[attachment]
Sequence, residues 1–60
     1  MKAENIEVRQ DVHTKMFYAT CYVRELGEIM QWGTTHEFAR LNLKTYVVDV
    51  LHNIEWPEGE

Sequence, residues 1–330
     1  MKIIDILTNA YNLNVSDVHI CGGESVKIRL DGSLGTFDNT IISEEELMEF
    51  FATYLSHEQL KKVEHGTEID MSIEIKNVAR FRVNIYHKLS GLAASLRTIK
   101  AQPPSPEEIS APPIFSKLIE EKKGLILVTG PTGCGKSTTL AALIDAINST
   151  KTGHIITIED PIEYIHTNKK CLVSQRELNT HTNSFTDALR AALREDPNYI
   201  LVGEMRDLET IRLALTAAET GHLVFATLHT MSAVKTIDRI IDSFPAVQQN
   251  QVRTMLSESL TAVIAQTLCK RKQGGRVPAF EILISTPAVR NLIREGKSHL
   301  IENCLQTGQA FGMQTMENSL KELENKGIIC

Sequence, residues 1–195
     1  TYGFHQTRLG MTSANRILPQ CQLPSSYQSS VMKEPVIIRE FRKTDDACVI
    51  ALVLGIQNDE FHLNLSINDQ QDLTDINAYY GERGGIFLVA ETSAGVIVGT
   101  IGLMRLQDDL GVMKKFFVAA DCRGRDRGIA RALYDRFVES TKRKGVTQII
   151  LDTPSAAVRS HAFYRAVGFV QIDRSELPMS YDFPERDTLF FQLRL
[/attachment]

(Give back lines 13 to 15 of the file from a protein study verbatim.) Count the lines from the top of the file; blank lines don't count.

     1  TYGFHQTRLG MTSANRILPQ CQLPSSYQSS VMKEPVIIRE FRKTDDACVI
    51  ALVLGIQNDE FHLNLSINDQ QDLTDINAYY GERGGIFLVA ETSAGVIVGT
   101  IGLMRLQDDL GVMKKFFVAA DCRGRDRGIA RALYDRFVES TKRKGVTQII